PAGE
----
Strike thrower with electric stuff
Hernandez's calling card is his sinker, a 92-96 mph pitch that has such late, sharp movement that hitters can hardly avoid pounding it directly into the ground in front of home plate. In his career, 73 percent of the balls put into play against Hernandez have been on the ground, including just four fly balls on 33 balls in play through two starts this year. Against some ground-ball pitchers, taking balls down low and trying to force the pitcher to elevate that fastball is a good strategy for hitters, but Hernandez can throw that pitch for a strike at the knees and is just as happy to strike you out as he is to get a ground ball.
What makes Hernandez so special is that he pairs that devastating pitch with above-average secondary pitches. He went through the Red Sox lineup one time using just his fastball and breaking balls (an 83-84 mph power curve with a break almost straight down, and an 84-90 mph slider with a very sharp break and good tilt). He brought out his changeup for the second time through the lineup; he maintains his arm speed extremely well, and the pitch has tremendous late tailing action away from left-handed hitters. He has a weapon to get ground balls, a breaking ball that's effective against right-handed hitters, and a changeup that kills left-handed hitters. And he throws strikes.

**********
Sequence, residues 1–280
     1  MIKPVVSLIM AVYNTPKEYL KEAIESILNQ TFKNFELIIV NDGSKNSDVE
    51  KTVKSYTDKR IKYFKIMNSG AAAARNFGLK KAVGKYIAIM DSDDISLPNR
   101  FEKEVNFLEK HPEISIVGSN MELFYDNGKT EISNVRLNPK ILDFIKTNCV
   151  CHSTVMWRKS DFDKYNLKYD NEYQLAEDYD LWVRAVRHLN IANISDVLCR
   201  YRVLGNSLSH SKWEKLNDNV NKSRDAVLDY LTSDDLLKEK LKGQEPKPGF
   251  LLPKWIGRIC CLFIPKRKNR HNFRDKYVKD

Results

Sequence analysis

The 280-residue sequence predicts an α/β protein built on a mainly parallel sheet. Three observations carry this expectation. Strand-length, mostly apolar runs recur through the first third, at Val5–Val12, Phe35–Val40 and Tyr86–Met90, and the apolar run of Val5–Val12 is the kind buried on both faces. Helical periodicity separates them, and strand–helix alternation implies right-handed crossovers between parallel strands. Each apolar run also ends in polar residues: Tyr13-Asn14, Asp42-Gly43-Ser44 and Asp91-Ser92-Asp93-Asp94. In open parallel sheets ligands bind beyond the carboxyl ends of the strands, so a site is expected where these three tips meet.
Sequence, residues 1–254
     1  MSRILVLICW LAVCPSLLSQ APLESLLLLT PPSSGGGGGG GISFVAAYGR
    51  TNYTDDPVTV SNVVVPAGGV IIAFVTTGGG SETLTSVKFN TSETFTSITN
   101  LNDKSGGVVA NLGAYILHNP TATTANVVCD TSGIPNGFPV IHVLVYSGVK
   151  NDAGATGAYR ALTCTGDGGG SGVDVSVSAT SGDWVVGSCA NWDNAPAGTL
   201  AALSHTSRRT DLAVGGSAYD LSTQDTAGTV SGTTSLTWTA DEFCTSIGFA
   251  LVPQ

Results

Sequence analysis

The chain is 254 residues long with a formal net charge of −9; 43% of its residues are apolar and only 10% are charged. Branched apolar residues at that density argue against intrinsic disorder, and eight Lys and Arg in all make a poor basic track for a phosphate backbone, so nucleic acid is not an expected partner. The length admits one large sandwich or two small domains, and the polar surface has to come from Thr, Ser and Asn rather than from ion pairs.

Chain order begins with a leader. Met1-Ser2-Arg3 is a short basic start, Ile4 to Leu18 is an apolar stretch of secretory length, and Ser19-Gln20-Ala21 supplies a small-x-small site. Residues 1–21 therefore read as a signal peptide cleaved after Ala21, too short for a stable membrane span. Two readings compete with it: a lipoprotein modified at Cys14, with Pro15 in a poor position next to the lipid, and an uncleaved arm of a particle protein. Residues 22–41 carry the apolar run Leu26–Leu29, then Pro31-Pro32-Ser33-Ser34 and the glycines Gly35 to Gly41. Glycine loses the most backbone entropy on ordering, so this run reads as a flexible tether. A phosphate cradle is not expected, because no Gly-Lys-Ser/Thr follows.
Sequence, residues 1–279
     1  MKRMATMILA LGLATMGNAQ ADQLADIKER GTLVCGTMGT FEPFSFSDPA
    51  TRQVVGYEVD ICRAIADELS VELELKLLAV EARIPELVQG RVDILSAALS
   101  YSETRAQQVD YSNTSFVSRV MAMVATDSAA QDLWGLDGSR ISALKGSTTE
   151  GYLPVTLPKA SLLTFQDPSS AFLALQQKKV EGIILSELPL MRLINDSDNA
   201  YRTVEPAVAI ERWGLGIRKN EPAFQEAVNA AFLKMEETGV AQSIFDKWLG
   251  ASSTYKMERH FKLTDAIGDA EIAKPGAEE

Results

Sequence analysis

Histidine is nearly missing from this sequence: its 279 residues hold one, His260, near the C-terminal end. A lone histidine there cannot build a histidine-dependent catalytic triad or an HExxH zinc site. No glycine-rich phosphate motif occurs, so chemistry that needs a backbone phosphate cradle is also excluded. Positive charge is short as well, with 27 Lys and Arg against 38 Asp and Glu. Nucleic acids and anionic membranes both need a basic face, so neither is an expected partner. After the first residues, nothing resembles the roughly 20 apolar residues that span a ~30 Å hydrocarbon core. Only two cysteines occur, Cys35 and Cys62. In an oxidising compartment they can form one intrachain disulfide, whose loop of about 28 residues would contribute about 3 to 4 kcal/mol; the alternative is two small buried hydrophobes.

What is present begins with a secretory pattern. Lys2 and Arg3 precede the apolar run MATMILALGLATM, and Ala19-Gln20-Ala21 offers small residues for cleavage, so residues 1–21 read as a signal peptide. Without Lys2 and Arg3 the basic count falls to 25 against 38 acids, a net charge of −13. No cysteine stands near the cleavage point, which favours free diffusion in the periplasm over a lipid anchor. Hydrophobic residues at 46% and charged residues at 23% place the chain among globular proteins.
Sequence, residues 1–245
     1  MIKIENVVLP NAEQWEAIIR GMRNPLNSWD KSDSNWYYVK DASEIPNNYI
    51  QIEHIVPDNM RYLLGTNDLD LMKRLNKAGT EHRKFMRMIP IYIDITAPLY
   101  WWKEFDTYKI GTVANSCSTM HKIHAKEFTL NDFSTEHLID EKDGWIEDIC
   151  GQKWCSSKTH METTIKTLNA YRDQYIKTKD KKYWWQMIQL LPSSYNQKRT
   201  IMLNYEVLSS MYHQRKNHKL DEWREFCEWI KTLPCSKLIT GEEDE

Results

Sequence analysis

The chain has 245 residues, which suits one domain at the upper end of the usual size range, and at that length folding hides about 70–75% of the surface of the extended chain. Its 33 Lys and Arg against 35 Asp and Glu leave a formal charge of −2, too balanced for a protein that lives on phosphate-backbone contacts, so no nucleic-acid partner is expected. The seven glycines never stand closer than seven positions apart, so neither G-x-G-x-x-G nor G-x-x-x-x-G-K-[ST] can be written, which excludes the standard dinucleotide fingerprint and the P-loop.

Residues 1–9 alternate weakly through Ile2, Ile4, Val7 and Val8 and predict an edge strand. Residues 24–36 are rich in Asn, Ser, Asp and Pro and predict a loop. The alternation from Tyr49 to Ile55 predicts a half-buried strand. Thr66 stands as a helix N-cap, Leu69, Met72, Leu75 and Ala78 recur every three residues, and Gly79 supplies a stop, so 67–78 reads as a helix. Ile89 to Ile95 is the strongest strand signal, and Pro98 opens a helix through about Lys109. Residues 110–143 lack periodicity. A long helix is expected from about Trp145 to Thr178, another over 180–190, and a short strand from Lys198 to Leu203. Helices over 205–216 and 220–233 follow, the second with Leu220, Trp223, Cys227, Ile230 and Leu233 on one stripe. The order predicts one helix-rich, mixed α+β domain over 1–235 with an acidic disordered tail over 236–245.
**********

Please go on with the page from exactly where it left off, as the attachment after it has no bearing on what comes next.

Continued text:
By the way, he's durable, holding his velocity into the ninth inning last week; he has a big frame and broad shoulders that bode well for his long-term durability. His only real flaw in last week's game was that he would occasionally rush through his delivery and end up overthrowing his fastball, losing that sink that sets it apart. He fell into that pattern in the fourth inning, still got out of it without allowing a hit, and settled back down for the rest of the game.